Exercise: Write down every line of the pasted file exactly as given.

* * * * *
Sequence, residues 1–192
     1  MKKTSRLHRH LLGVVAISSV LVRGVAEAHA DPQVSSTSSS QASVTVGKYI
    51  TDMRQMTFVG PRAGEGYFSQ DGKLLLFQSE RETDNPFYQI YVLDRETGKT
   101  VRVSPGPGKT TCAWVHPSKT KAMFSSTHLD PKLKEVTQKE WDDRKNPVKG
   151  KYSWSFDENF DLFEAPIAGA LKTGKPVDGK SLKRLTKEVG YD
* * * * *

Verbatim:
Sequence, residues 1–192
     1  MKKTSRLHRH LLGVVAISSV LVRGVAEAHA DPQVSSTSSS QASVTVGKYI
    51  TDMRQMTFVG PRAGEGYFSQ DGKLLLFQSE RETDNPFYQI YVLDRETGKT
   101  VRVSPGPGKT TCAWVHPSKT KAMFSSTHLD PKLKEVTQKE WDDRKNPVKG
   151  KYSWSFDENF DLFEAPIAGA LKTGKPVDGK SLKRLTKEVG YD